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This chapter seeks to advance our understanding of leadership and to show that it has the potential to be a science as well as an art. The author demonstrates how effective leaders make decisions by solving the classic prisoner's dilemma-a concept borrowed from economics. The prisoner's dilemma, simply put, is the choice between turning state's evidence against your partner in crime, confessing, and getting a lighter punishment (while your partner gets the maximum punishment), or risking the possibility that your partner will confess first, thereby condemning you to the maximum punishment. The ability to recast the prisoner's dilemma from a one-shot game to an indefinitely repeated game provides a key insight into the leader's role. Enabling members of an organization to move from what the author calls an "inferior equilibrium" (the one-shot game) to a "superior equilibrium" (the indefinitely repeated game) requires the leader to focus on six essential tasks: vision, enrollment, commitment, integrity, communication, and authenticity. This chapter was originally published as Chapter 10 of "Handbook of Leadership Theory and Practice: A Harvard Business School Centennial Colloquium."
Cyprus is a small Mediterranean island located at the cross-roads of Europe, Africa, and the Middle East. Since its 1974 split, Cyprus has grown real GDP more than fivefold-in large part because of its development as an "international business" center. The country developed a large network of double-taxation-treaties (including some of the most robust agreements with Russia and other ex-Soviet Republics) that allowed it to serve as a tax-efficient conduit for international capital flows. In 2002 it acceded to the European Union and in 2008 to the Eurozone. However in 2012, facing fiscal deficits and an insolvent banking sector, the island became the fourth EU country to formally request assistance from the EC-ECB-IMF Troika. The final assistance package required a "bail-in" from uninsured depositors in order to return the nation's largest banks to solvency. How had Cyprus's development model contributed to both the island's financial crisis as well as the structure of its ultimate assistance package?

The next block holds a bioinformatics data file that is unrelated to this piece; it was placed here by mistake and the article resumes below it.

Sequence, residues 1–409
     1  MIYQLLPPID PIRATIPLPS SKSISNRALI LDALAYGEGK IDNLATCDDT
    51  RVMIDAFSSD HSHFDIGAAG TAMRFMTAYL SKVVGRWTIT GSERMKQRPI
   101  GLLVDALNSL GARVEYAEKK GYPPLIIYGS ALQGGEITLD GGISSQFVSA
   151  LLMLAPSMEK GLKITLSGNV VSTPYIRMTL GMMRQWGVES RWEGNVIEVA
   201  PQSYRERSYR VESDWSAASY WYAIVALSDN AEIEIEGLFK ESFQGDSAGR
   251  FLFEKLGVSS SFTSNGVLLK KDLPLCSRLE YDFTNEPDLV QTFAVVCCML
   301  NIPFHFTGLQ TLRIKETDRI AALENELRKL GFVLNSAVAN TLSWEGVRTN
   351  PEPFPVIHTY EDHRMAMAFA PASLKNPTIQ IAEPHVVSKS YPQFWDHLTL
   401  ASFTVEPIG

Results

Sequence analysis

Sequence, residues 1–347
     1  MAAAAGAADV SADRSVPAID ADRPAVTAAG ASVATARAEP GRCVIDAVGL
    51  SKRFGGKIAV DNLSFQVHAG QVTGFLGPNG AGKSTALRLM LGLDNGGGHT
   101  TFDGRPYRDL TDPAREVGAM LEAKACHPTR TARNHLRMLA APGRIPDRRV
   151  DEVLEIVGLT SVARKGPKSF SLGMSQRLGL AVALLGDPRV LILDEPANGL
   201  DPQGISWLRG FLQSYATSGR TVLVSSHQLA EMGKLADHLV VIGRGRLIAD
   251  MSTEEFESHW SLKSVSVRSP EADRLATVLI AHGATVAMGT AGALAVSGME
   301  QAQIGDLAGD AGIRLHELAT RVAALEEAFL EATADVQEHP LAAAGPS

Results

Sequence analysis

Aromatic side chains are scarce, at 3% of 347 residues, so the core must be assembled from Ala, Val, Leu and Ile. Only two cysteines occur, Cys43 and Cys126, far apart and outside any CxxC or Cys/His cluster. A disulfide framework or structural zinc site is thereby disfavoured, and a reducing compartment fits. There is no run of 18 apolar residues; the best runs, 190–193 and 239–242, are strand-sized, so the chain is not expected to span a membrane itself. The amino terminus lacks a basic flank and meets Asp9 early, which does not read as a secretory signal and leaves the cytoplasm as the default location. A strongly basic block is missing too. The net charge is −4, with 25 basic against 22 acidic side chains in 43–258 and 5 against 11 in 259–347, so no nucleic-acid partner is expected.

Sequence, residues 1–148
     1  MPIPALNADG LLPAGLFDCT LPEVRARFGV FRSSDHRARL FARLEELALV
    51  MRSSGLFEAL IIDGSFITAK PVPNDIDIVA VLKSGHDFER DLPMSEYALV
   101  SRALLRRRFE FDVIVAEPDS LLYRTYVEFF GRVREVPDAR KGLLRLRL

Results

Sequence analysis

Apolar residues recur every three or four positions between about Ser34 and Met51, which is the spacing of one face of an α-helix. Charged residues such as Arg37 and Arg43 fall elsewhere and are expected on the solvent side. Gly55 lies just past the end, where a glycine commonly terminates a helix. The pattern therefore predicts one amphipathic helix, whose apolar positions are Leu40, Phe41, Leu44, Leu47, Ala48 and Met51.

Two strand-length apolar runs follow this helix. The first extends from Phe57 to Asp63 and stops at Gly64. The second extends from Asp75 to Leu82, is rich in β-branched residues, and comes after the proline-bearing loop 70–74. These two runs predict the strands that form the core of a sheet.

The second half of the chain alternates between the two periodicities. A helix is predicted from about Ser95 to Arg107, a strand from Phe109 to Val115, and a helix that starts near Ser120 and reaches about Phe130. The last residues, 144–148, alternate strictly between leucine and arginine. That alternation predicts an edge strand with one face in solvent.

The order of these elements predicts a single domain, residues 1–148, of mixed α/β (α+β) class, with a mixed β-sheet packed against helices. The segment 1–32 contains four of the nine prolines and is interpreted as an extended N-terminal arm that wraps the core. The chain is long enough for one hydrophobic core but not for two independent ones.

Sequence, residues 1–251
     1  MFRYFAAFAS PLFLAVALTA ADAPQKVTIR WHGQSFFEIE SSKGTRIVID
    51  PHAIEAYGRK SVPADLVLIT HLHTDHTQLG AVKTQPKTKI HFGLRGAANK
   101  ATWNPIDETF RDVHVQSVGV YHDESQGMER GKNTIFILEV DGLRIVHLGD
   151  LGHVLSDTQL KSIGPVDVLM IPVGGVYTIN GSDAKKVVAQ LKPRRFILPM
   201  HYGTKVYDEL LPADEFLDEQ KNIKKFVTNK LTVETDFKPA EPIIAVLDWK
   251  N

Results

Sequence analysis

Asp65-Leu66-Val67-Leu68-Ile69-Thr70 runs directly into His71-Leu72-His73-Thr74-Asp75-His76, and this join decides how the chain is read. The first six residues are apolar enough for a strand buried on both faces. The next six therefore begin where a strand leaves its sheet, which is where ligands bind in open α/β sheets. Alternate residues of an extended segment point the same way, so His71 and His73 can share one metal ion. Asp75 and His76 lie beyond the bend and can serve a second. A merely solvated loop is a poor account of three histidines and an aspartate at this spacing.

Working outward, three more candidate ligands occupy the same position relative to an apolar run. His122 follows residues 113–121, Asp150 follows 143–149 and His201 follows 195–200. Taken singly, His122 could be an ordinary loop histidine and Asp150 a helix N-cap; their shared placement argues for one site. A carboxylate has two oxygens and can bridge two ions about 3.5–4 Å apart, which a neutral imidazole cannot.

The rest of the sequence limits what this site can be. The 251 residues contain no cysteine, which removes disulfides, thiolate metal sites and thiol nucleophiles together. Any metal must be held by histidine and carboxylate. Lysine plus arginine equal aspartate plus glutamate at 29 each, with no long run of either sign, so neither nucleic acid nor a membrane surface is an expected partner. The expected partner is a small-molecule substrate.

Multinational corporations and wealthy individuals often use so-called tax havens to establish subsidiaries or holding companies in order to rebalance profits across borders with the primary purpose of lowering their effective tax rate. This note describes the use of tax havens, the implications for the financial sector in tax havens, as well as the debate around the effect of tax havens on welfare in other jurisdictions.
S.K. Ko managed Motorola's Penang, Malaysia factory, producing telecommunications components and equipment. As a female manager of a multi-ethnic and labor-intensive plant in Asia, Ko faced a number of challenges. She had already promoted quality circles and quality competitions to meet Motorola's raised standards. Extensive training gave workers the skills to solve problems and to troubleshoot equipment. But Ko was skeptical of empowerment efforts at other Motorola sites that aimed for much greater worker participation in decision making. She thought empowerment inappropriate to the Asian context. She also thought that many operators would have trouble upgrading their skills as the world became more information intensive. Other Southeast Asian nations with lower labor costs were a competitive threat to Penang's labor-intensive processes. She envisioned Penang transformed by the year 2000 into a fully automated manufacturing operation and a design center for all of Motorola's Asian operations.
The companies best able to pursue growth opportunities are equally aware of the need to impose rules and structure on their own decision-making process, advocating a decision process that pays particular attention to leadership economics and market control in new adjacencies, a robust profit pool, and a clear sense of relatedness to a strong core. This chapter looks at 24 companies to identify and compare some of the most critical criteria to be considered in any first-rate decision process regarding growth investments.
Executing Adjacency Moves: Managing the Key Organizational Issues That Most Influence Success or Failureby Chris Zook
The many CEOs interviewed for this book all stressed the organizational challenges of adjacency expansion. Based primarily on case examples and direct comments from senior executives who have grappled with these organizational concerns, this chapter examines issues related to the execution of adjacency moves that fall into three major areas that were emphasized again and again: managing linkages between the core and adjacencies, organizing for repeatability, and exiting adjacencies.